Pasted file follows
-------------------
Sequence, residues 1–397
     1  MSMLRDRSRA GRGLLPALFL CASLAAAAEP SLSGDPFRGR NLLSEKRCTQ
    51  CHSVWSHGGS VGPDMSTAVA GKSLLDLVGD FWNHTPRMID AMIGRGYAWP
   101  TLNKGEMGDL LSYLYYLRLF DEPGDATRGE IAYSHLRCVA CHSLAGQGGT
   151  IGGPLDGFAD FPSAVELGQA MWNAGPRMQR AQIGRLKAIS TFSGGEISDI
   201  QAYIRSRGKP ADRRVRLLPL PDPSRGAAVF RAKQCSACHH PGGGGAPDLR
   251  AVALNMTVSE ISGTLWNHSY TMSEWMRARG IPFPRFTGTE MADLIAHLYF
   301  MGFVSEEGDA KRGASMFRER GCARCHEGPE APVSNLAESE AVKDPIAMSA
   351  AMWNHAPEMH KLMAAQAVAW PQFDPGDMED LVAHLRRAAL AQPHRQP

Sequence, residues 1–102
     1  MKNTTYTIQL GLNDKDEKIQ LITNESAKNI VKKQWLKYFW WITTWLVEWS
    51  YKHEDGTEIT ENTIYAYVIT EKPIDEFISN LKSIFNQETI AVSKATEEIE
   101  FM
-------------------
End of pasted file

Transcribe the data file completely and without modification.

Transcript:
Sequence, residues 1–397
     1  MSMLRDRSRA GRGLLPALFL CASLAAAAEP SLSGDPFRGR NLLSEKRCTQ
    51  CHSVWSHGGS VGPDMSTAVA GKSLLDLVGD FWNHTPRMID AMIGRGYAWP
   101  TLNKGEMGDL LSYLYYLRLF DEPGDATRGE IAYSHLRCVA CHSLAGQGGT
   151  IGGPLDGFAD FPSAVELGQA MWNAGPRMQR AQIGRLKAIS TFSGGEISDI
   201  QAYIRSRGKP ADRRVRLLPL PDPSRGAAVF RAKQCSACHH PGGGGAPDLR
   251  AVALNMTVSE ISGTLWNHSY TMSEWMRARG IPFPRFTGTE MADLIAHLYF
   301  MGFVSEEGDA KRGASMFRER GCARCHEGPE APVSNLAESE AVKDPIAMSA
   351  AMWNHAPEMH KLMAAQAVAW PQFDPGDMED LVAHLRRAAL AQPHRQP

Sequence, residues 1–102
     1  MKNTTYTIQL GLNDKDEKIQ LITNESAKNI VKKQWLKYFW WITTWLVEWS
    51  YKHEDGTEIT ENTIYAYVIT EKPIDEFISN LKSIFNQETI AVSKATEEIE
   101  FM